List Reversal

List Reversal

A first experiment

We first tried to analyse the following list reversal program:

type cell = record
  n: ^cell;
type list = ^cell;

procedure main(list) is
var res;
main_entry: res := reverse(list);


function reverse(x) : y is
var z,t;
reverse_entry:  z := x->n;
reverse1:       x->n := null;
reverse2:       if (z != 0) then begin
reverse3:          y := reverse(z);
reverse4:          z->n = x;
                else begin
reverse5:         y := x;

The specification is split in several files.

File Description
ReverseSimple.tvp main file, including auxiliary files and defining the equation system
predicate.tvp standard instrumentation predicates and constraint rules
functionInterprocedural.tvp standard semantic functions for procedure calls and returns
function.tvp semantic functions for various intraprocedural instructions set of initial states for the analysis, namely the set of list with a least two elements

The result of the analysis is described by the PostScript file It gives:

  1. the equation system depicted as a graph (with circle giving nodes/control points and boxes operations between nodes);
  2. the set of reachable structures for each control point of the program. The shape graphs associated to the control points are given in the following order: main_entry, reverse_entry, reverse1, reverse2, reverse3, reverse4, reverse5, reverse_end, reverse_summary, main_end.

It is particularly interesting to look at what is reachable at the exit point of the reverse procedure (node reverse_summary). This represents the semantic predicate transformer associated to the reverse function. The structures associated to the node/control point main_entry shows that the analysis models accurately that the list has been reversed.

A more complex experiment

We next experimented some more operations, by taking the new main procedure

procedure main(list) is
var res,res1,res2,res3
main_entry:     res := reverse(list);
main1:          res1 := reverse(res);
main2:          res2 := list->n;
main3:          res3 := reverse(res2)

Only the file ReverseSimple.tvp is changed (we added a new instrumentation predicate and related constraint rules, and of course we modified the equation system). We obtained the result Notice that we obtained the expected result at node main_end. Notice also that we show at node main_1 that applying twice the procedure reverse gives the identity.

Other experiments and comparison with [RS01] can be found here.


They are given in the following table.

In the "Number of Structures" field, we indicate the number of reachable structures at the following control points:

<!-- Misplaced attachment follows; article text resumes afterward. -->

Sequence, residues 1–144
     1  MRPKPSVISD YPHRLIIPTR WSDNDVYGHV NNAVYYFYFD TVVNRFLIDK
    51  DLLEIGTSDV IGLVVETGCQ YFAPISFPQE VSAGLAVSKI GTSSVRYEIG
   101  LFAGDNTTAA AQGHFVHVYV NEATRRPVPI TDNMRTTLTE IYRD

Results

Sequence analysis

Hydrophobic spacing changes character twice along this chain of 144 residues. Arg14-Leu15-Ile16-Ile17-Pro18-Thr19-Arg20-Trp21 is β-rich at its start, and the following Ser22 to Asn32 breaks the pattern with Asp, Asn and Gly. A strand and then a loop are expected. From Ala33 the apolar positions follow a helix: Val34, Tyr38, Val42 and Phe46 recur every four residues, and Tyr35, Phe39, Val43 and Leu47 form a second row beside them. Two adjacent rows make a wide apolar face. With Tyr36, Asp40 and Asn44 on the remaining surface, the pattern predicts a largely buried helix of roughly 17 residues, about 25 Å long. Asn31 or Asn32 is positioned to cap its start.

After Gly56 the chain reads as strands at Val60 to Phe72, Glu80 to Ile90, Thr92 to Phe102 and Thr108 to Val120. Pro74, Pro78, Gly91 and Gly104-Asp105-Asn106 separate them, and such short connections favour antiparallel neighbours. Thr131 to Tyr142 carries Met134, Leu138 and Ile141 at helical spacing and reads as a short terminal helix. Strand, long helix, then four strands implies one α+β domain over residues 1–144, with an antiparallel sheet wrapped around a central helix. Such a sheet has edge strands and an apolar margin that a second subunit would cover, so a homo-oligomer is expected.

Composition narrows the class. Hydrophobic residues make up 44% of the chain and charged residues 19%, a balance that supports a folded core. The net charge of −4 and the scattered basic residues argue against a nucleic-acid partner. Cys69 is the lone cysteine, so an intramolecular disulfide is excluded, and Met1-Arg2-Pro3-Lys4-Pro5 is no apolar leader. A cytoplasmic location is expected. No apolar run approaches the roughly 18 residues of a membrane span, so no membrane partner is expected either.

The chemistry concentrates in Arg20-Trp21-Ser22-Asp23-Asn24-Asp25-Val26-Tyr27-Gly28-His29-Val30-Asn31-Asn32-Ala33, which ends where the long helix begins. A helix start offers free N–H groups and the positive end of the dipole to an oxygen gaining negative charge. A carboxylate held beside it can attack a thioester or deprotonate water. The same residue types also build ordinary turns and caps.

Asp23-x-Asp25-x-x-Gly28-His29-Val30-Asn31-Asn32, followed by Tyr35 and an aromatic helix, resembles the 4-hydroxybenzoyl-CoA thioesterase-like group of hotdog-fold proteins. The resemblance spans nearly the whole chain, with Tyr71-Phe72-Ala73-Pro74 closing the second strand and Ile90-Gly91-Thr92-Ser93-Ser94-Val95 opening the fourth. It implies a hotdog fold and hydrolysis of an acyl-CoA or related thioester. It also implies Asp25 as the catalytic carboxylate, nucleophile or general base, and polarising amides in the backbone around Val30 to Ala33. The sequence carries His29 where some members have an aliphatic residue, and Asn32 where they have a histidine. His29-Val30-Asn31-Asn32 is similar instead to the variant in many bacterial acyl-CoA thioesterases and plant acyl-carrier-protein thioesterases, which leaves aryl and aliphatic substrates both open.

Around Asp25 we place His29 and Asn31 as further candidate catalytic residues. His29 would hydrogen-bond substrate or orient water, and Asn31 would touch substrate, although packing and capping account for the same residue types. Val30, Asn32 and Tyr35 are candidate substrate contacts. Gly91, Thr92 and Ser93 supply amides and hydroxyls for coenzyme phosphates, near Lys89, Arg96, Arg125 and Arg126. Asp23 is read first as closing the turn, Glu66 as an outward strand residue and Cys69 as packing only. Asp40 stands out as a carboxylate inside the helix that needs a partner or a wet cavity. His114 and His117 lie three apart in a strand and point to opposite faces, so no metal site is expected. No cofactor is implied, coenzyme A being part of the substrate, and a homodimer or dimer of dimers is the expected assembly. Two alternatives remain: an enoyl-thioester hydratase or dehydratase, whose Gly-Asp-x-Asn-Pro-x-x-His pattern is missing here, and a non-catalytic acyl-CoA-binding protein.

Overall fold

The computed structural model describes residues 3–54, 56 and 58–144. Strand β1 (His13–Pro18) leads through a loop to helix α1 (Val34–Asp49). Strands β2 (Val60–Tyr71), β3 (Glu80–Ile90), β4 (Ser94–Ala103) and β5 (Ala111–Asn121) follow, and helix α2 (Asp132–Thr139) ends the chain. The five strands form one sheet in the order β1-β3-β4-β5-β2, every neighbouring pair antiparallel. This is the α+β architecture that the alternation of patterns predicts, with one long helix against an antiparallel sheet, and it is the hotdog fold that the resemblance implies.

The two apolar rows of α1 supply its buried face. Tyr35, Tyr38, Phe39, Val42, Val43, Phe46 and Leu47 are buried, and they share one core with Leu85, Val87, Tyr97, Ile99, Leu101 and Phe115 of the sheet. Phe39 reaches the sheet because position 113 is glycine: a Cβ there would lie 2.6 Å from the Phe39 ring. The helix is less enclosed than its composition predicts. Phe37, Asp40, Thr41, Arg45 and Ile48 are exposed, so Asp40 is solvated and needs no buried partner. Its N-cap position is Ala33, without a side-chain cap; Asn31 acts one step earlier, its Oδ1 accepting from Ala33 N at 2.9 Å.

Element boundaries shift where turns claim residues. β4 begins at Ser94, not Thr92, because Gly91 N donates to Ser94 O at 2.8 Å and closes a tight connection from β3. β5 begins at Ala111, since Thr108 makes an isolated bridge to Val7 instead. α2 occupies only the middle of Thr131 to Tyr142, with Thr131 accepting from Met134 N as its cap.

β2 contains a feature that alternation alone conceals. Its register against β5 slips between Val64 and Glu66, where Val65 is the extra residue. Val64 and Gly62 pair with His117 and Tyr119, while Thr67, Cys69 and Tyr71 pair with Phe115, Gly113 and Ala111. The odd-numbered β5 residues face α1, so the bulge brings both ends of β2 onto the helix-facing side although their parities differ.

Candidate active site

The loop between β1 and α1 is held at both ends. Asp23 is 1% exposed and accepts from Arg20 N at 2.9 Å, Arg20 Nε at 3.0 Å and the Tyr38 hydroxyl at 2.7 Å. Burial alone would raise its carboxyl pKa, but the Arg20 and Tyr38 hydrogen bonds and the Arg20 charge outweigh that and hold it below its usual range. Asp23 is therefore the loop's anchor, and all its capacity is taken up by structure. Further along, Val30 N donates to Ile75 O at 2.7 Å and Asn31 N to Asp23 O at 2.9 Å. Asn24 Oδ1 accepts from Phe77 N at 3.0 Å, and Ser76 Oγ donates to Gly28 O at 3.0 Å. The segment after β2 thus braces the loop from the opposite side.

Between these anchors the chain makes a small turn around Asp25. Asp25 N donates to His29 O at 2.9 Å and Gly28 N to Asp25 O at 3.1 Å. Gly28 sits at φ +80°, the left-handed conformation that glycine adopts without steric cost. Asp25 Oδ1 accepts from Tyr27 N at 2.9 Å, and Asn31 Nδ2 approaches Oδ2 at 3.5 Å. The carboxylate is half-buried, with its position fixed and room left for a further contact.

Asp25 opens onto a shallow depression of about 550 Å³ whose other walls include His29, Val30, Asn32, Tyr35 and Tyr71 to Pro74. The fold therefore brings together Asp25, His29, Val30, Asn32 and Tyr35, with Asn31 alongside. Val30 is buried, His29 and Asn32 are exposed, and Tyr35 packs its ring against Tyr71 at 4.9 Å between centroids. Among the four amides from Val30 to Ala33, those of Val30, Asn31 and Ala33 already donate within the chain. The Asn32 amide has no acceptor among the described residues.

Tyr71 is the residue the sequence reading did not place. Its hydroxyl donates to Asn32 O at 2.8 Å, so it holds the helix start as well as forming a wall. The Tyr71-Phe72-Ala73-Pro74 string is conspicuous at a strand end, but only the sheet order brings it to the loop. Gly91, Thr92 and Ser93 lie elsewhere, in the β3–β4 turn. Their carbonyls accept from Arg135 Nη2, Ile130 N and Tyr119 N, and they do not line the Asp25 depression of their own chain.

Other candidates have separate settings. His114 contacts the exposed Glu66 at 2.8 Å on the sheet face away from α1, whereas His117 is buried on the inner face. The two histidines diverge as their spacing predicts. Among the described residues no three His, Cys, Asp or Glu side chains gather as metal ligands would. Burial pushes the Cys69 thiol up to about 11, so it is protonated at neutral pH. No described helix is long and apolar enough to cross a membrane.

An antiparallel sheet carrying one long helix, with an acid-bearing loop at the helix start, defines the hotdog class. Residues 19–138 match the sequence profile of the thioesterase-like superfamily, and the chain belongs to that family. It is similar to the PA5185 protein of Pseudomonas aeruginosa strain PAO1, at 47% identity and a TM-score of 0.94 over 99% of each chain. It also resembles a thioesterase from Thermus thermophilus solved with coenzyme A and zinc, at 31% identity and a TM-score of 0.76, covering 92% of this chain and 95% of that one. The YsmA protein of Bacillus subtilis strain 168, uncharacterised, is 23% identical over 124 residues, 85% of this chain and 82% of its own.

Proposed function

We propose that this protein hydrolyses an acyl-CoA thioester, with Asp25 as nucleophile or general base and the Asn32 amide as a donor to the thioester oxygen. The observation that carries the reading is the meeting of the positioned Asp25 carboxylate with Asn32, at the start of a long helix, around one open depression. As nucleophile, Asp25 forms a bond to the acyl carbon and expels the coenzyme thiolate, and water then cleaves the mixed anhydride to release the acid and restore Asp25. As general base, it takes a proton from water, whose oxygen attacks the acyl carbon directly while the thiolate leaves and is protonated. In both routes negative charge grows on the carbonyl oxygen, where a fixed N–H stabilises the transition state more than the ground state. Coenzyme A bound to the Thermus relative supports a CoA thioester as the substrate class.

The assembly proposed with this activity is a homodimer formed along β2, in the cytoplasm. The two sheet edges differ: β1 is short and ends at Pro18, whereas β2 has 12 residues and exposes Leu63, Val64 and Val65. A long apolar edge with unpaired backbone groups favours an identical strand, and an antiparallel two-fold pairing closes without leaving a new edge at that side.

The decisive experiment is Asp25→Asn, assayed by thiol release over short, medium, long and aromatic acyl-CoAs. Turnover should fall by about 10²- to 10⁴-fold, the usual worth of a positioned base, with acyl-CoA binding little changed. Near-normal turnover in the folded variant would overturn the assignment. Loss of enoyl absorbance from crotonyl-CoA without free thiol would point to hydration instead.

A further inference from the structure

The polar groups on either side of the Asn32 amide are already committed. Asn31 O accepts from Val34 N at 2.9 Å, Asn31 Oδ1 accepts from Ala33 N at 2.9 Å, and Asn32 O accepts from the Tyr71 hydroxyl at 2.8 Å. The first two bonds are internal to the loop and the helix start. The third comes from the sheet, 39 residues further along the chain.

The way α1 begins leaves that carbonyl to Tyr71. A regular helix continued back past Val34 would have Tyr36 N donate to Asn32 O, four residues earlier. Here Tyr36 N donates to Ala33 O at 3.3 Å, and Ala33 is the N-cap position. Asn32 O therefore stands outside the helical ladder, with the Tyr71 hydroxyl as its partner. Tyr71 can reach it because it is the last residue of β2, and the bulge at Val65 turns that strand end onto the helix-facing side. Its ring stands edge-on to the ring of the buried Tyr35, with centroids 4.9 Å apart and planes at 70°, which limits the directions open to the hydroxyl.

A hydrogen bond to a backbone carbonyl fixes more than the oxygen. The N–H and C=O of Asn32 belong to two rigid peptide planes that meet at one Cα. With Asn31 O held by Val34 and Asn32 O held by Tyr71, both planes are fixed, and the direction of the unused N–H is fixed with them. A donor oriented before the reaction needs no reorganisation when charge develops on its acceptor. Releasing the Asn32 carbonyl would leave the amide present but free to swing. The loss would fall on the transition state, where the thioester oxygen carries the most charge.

Input Program Nb of predicates (abs/total) and constraints Time Nb of Structures File ReverseSimple.tvp 40/56 & 392 11s 3/4/8/7/3 Reverse.tvp 58/80 & 596 55s 9/8/14/10/3

The reason why the number of reachable structures at point reverse_summary is not the same in the two case is the following one: our analysis compute the summary function of a procedure specialized on the reachable input. Here, in the second case there are more particular cases (list with a single cell, only two cells, etc...) because reverse is not called only with a list of at least two elements (node main_entry) but also with such a list minus one element (node main_3). Moreover, there is the problem of the context of the input given to the procedure detailed here (properties of memory cells not reachable from the input are irrelevant but induces a combinatorial explosion).

The sensibly higher running time in the second case is due to:

More detailed description

Core predicates.

The core predicates we will use are the unary predicates corresponding to variables of reference type, and the binary predicates n corresponding to the link of single linked list.

Standard instrumentation predicates.

We detail below rather "standard" instrumentation predicates, common to most TVLA specifications. f[m] denotes any field predicate (binary core predicate representing the field of a record of pointer type), m a mode (either inp, out or ext), and z any local variable (unary core predicate).

The predicates downStar[f,m](v1,v2) does not appear in the graphs, in order to make them more readable.

Invariant satisfied by a list node

Our algorithm will manipulate lists of unbounded sizes, so we should be able to characterize properties by the value of instrumentation predicates instead of relying only on the (abstract) universe and the values of core predicates. iA proper list node of a list pointed by a variable z should satisfy the following properties

  1. !is[n,m](v) (the cell is not pointed by more than one cell)
  2. !c[n,m](v) (a cell cannot belong to a cycle)
  3. r[n,m,z](v) (the cell is reachable from the head of the list)

We should at least prove that the list reversal procedure returns a proper single linked list.

Cross instrumentation predicates

We will also need so-called "cross" instrumentation predicates, to represent relationship between the input memory heap and the current/output memory heap.

Predicate id_succ, standard in interprocedural TVLA specifications, allows to model the identity relationship of a cell between input and output state, and the predicates reverse_n_succ the fact that the outgoing n link has been reversed.

The dual predicates id_pred and reverse_n_pred are useful only for the more complex Reverse.tvp example, where one has to deduce that reversing twice a link gives the initial link.

List Reversal